Riki, Tikki-Tavi

Written by Rudyard Kipling in 1894

Illustrated by Jerry Pinkney

Riki Tiki Tavipic

This is a story taken from The Jungle Book with which many adults are familiar. It involves a young boy named Teddy and his family who rescue a mongoose named Riki Tiki-Tavi. This poor creature has nearly drowned near their bungalow in Segowlee. The mongoose is an animal known for its tenacity, and Riki will prove his worth to the family who has adopted him.

The reader first learns of Riki’s rescue and the reluctance of Teddy’s mother to keep him. Riki proves a friend to the Tailorbird named Darzee who screams that the cobra snake Nag has stolen an egg from their nest. The snake’s wife Nagaina tries to ambush Riki and nearly kills him. More danger befalls him as a smaller snake named Karait attacks him. The family is impressed with Riki’s bravery. The young boy named Teddy brings Riki everywhere. At night Riki goes exploring and Chuchundra, the muskrat, tells Riki that the snakes plan to kill the humans so that they will have the garden to themselves again. It will be up to the fearless mongoose to protect the family and marshal all the animals of the garden together to defeat these nefarious snakes. Will Riki be successful in rallying this disparate group to protect the family and their habitat?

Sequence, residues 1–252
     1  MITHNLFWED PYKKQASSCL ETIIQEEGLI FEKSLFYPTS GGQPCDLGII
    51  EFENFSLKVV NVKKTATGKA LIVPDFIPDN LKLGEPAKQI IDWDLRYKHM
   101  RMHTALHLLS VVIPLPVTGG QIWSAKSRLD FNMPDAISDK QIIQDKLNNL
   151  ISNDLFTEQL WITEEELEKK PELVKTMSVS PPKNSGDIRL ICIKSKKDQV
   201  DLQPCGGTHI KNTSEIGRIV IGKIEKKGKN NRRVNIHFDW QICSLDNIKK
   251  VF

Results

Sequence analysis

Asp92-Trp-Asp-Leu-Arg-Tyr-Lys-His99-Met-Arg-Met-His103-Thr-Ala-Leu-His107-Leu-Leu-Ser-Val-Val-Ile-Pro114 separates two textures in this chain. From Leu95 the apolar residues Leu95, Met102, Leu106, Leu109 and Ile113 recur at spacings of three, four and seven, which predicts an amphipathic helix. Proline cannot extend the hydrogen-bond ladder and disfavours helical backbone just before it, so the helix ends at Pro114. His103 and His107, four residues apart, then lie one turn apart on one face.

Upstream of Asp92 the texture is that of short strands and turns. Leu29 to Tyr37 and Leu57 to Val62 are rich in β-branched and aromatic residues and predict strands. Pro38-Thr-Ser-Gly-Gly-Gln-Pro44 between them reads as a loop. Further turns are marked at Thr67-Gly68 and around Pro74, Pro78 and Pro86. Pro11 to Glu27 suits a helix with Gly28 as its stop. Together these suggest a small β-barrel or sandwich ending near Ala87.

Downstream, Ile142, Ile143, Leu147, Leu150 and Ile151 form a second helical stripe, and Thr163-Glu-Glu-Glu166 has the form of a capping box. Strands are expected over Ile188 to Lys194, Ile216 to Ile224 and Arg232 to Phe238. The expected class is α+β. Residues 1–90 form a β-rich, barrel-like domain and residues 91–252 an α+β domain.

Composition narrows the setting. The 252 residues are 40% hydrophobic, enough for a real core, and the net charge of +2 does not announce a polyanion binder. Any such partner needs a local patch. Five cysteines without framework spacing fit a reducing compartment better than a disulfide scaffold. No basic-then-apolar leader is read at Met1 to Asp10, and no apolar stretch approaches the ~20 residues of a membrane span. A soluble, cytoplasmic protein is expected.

The digital edition was produced by Gere Donovan Press in 2012. It is also available in hardcover and print, which I would recommend to the fact that it includes the award winning illustrations of Pinkney. The Jungle Book is now in the public domain. In this edition the original language has been simplified, and I believe that children aged eight and up will not find it too difficult. Of course this does mean that some of the beauty of the Kipling’s writing is sacrificed. The lessons of fearlessness, loyalty and devotion to family as well as the local culture that the story imparts remain treasures to be shared by future generations. Adults should note that Kipling does display some violence in his descriptions.

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